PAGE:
Inclusion Consultant, Aliya, offers advice on how to balance revision and fasting during the holy month of Ramadan and gives suggestions for Non-Muslims on how to support your Muslims friends, colleagues etc during this time.

Rushing to finish the third bottle of water before the sun rises, dealing with the mood swings of that one family member at suhoor (if you know, you know) and arguing about who must do the burdensome washup after iftar, is but a small glimpse into the Ramadan experience. But Ramadan is much more than refraining from food and water for a period of time. It’s a lot deeper than that!

What is Ramadan and the reasoning behind it?

Ramadan is the ninth month of the Islamic calendar and is a part of “The Five Pillars of Islam” making it an integral part of the Muslim faith. During this blessed month, Muslims across the globe cannot consume any food or drink (yes, even water!) from sunrise until sunset. We call this period “fasting.” Sexual relations between married individuals are also forbidden between dawn and dusk. This is the only acceptable form of intimacy in the religion. The pre-dawn meal is known most as “suhoor” and the sunset meal is known as “iftar.” The main goal during this holy month is to develop a better, stronger, and closer relationship with Allah (God). We try our best to achieve this by learning more about the religion, reciting and reflecting on the meaning of our religious text, The Quran, and increasing in righteous acts such as giving to charity. The refrainment from acts that are normally allowed for us creates self-discipline which increases our awareness and consciousness of our Lord.

Revision while Fasting- a piece of advice.

One of the main challenges I, and many other Muslim students face is when Ramadan coincides with the exam period. The initial lack of energy may result in difficulty concentrating on assignments and study. Also, having to balance exam preparation with the month where focusing on the spiritual connection with Allah is crucial simultaneously can prove difficult. This often leads to students feeling conflicted on what aspect to prioritise. To be honest, this is something I’ve personally struggled with until recently. What is the answer you may ask? It’s quite simple, yet easier said than done. Good time management and organisation!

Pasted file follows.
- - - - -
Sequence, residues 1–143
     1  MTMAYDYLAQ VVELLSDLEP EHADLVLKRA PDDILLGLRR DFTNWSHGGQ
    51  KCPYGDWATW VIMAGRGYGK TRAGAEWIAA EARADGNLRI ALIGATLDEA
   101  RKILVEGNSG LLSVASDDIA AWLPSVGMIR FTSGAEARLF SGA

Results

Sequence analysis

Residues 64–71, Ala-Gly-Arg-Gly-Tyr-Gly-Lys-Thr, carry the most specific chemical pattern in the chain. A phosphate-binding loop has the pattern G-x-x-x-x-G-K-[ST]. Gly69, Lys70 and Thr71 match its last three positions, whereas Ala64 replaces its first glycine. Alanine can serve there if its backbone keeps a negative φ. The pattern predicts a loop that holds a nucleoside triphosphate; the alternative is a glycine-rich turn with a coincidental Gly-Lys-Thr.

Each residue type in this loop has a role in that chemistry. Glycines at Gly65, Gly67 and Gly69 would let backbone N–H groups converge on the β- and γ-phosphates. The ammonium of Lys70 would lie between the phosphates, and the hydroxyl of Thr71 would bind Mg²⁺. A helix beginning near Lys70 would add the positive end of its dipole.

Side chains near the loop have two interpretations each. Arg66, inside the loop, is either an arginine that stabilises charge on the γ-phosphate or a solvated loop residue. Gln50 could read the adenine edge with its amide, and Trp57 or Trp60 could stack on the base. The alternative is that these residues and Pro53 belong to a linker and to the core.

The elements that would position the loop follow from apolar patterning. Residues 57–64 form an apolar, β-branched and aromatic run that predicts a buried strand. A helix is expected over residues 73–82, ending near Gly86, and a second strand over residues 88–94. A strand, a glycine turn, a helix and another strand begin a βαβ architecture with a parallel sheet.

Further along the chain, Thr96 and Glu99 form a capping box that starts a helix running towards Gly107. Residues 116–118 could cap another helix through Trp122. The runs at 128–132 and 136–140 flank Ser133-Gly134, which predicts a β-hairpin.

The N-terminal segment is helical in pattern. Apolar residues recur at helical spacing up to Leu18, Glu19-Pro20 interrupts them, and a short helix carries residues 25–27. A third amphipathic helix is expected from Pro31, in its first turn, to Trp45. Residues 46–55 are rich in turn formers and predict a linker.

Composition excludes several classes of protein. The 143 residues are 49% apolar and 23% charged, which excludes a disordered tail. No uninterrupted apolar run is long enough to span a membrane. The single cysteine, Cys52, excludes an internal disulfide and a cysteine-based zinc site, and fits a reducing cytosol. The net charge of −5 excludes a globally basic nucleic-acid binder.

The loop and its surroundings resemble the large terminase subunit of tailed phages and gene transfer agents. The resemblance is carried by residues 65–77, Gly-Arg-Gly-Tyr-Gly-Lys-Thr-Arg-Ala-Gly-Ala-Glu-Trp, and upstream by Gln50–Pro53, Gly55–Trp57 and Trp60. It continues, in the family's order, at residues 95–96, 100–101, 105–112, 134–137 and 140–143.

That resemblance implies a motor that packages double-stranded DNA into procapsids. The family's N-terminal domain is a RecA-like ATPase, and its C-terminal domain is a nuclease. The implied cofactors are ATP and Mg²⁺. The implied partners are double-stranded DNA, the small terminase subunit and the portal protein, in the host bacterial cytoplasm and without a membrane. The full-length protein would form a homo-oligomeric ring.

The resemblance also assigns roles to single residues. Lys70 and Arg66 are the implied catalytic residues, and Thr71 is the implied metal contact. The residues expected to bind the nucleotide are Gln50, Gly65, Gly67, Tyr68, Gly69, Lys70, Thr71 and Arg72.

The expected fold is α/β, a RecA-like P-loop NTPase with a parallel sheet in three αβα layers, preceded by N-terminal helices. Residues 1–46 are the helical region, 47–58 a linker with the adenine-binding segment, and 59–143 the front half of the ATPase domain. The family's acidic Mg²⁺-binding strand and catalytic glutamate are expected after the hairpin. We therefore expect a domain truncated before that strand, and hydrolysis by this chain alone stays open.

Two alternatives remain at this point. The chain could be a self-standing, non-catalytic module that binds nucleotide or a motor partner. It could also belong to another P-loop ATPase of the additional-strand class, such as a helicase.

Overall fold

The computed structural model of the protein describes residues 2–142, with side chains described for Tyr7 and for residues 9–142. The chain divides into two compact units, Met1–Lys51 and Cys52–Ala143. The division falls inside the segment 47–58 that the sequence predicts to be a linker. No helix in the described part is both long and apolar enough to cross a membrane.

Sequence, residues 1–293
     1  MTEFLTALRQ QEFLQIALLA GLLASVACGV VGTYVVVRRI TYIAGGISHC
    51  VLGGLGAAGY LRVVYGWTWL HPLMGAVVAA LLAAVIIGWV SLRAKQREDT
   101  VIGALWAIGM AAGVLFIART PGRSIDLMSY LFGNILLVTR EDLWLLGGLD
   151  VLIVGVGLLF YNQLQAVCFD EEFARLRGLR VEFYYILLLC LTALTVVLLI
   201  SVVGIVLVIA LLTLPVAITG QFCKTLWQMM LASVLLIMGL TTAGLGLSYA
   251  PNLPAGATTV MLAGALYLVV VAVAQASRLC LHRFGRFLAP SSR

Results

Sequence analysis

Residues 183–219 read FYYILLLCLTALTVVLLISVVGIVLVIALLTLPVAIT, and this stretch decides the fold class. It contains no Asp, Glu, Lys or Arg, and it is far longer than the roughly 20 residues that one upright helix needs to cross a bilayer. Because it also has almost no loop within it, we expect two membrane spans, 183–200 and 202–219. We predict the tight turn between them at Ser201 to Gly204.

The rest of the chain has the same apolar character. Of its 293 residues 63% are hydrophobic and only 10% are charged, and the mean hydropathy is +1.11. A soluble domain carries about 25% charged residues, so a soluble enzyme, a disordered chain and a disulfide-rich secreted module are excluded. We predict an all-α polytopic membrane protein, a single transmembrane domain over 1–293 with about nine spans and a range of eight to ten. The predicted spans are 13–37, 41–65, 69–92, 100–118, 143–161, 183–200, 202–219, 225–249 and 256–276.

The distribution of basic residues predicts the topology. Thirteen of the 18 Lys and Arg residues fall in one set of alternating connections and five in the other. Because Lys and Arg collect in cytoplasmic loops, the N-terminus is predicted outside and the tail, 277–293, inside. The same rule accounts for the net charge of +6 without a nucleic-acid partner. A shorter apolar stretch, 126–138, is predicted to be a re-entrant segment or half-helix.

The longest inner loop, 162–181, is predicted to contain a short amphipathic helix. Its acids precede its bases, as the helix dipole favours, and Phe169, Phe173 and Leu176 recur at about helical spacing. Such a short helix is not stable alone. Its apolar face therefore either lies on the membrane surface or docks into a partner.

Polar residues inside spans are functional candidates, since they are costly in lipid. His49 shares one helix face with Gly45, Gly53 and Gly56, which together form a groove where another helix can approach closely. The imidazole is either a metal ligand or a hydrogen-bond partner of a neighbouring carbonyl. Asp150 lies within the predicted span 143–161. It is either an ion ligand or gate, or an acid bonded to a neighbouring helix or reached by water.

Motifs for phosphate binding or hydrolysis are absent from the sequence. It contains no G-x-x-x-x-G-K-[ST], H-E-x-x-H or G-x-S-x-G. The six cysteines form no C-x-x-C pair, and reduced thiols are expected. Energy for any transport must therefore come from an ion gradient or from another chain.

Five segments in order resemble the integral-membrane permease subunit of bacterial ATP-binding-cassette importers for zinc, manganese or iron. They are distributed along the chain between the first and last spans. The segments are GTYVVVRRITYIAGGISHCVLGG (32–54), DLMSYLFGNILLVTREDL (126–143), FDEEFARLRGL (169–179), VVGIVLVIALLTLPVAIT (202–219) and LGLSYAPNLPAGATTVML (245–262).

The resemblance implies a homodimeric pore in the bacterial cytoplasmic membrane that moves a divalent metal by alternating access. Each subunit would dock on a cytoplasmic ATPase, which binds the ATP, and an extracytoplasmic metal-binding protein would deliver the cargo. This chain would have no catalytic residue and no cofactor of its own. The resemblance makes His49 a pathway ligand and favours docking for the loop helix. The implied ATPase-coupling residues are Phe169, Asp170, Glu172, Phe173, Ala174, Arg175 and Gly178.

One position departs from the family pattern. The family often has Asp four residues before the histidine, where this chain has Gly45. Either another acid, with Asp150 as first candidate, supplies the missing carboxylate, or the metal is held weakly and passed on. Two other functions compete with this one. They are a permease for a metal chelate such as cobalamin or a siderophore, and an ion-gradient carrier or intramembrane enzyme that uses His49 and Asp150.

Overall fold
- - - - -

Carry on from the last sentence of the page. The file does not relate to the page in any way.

The first step is to recognise how and when you as an individual work and revise better. Are you more of a morning worker or a night person like myself? Iftar is when I have the most energy from all the food I’ve eaten and so I find studying after this time works the best for me. I will usually then study until suhoor, and after the morning prayer I’ll get my sleep in. If you are more of a morning person and get super sleepy after iftar like many others, you may benefit from revising after suhoor instead. This means you get some of your sleep time in straight after the night prayer. I believe it’s essential to make sure you get enough sleep to avoid burnout, so please try, and take a nap during the day if you really need to!

I also would recommend planning your Ramadan goals and studies around the different prayer times as this helps build structure and organisation of your day. For example, “From Asr (afternoon prayer) until Maghreb (sunset prayer), I’m going to read two pages of the Quran and reflect upon the meaning, listen to an Islamic lecture/video, and do some flashcards on the nervous system”. Having a set to-do list in-between the different prayers makes revising much easier, without neglecting the value that comes with the month by incorporating your Islamic-related aims.

Respecting and supporting your fellow Muslim colleagues- a drive for inclusiveness

“So, you can’t even have one sip of water, that’s so hard oh my days”, “Come on, just take a bite, no one will know you’ve eaten it”, “I can’t believe chewing gum is off limits as well” are some of few of the many statements and questions Muslims hear nearly every Ramadan. While many Muslims including I, are more than happy to answer innocent questions and educate people on its purpose, some statements may come across condescending and ignorant. It’s important to understand that this time can be challenging for some Muslims and saying some of the statements above do not help the situation. Instead, you can support your fellow Muslim colleagues and friends by giving acknowledgment saying “Ramadan Mubarak”. Trust me, they’ll be impressed! If you’re in halls and have a Muslim flatmate who is fasting, there’s no harm in asking them if they’d like to have iftar with you. It’ll make them feel included especially if they’re fasting on their own for the first time away from family. In summary, Ramadan is significant time for Muslims all over the world which can be challenging for university students with exams. Please try to be more inclusive and considerate during this period.

If you would like to learn more about Ramadan, this article by the Aljazeera is really beneficial.

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